Four of our members have served as Mayor of New Bedford: Bro. Isaac C. Taber was Mayor in 1859-61; M.W. Abraham H. Howland, Jr., served in 1874-75; Wor. William T. Sowle, in 1878-80; Bro. Charles S. Ashley was first elected in 1890 and served intermittently for twenty-nine years, a truly remarkable record of public service. Many other members of Eureka Lodge have served in public office in various capacities and responsibilities and as heads of departments in city government.
Eureka Lodge has had in its first one hundred years sixty-seven Worshipful Masters, each serving from one to three years. The first Master after the Charter was Wor. Henry F. Thomas, who was also Past Master of Star-in-the-East, who served in Eureka Lodge as Master for three years. Since 1916, Masters have served only one-year terms. A total of 1650 members have been raised in Eureka Lodge in its first century. The largest number raised in any one year was 120 during the term of Wor. Robert M. Gundersen. The largest number of members was in 1926 when the total membership was 992. An average of approximately 30% of all applications has been rejected, an evidence of discrimination in selection of new members. The present total membership of Eureka Lodge is 532.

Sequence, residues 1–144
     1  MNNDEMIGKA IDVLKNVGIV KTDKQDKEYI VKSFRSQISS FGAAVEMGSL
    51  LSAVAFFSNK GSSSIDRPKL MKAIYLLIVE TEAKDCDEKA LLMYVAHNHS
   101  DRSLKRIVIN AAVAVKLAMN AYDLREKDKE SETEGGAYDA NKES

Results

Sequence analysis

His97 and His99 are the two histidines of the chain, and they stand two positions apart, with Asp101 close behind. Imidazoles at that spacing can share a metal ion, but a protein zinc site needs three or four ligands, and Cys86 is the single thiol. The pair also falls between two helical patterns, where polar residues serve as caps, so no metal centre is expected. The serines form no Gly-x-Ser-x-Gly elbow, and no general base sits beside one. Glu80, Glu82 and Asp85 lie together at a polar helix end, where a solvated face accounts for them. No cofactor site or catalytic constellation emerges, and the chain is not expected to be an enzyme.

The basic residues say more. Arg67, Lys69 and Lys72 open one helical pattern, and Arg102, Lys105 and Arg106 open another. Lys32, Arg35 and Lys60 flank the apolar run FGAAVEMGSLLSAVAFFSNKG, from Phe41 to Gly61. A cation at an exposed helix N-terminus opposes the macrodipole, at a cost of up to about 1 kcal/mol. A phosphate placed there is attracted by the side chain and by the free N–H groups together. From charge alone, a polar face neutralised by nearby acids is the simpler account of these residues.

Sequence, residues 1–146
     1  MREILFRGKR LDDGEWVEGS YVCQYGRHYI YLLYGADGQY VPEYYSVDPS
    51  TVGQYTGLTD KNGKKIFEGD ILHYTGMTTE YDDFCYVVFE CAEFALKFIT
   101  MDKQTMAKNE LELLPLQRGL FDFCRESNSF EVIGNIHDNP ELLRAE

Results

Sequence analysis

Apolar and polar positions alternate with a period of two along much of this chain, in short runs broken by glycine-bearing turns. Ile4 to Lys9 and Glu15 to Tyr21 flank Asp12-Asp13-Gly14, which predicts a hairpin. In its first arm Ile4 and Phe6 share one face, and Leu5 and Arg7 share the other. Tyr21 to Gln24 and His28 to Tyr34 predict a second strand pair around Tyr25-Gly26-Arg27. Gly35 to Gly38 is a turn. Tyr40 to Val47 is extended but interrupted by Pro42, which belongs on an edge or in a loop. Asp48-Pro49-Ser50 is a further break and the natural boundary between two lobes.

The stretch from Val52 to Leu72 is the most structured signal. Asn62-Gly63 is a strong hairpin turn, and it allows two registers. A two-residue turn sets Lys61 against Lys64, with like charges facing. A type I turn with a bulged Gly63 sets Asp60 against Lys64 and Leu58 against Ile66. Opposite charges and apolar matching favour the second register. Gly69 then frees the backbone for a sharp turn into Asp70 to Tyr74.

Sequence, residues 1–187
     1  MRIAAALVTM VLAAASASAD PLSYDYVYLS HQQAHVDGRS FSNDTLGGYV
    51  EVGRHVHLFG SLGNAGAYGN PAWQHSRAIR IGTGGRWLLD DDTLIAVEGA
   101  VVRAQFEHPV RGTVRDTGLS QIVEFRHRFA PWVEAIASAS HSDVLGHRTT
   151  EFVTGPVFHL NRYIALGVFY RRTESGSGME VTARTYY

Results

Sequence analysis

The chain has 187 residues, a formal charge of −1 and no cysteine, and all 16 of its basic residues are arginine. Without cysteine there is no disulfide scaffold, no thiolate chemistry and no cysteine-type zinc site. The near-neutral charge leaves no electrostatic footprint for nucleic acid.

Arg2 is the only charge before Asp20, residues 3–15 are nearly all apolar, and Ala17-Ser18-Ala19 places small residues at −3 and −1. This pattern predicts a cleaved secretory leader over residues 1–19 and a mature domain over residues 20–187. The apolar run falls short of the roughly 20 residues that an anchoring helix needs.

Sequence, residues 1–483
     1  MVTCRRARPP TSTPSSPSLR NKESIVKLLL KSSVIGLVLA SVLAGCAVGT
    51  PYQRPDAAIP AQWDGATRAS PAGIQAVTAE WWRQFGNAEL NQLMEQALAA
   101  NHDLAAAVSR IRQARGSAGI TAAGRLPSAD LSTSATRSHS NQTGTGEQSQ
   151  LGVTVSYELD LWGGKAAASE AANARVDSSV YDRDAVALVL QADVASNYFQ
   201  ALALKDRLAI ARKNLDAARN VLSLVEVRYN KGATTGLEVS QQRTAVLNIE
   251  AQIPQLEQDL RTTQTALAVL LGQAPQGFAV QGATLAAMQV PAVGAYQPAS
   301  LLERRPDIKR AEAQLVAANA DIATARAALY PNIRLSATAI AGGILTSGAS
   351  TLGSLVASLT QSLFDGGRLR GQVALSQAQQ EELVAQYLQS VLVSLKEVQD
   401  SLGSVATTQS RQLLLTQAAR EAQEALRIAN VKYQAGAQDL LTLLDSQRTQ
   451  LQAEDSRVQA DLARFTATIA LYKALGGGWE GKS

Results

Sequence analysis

H. M. S. CAPETOWN
An outstanding event in local Masonic history occurred in 1927 when H.M.S. the Capetown made an official visit to the Port of New Bedford in celebration of "British Week." In anticipation of the expected visit, the Masters of five Lodges, with the Master of Eureka Lodge as Chairman, extended a most cordial invitation and welcome to members of the Craft on board the cruiser.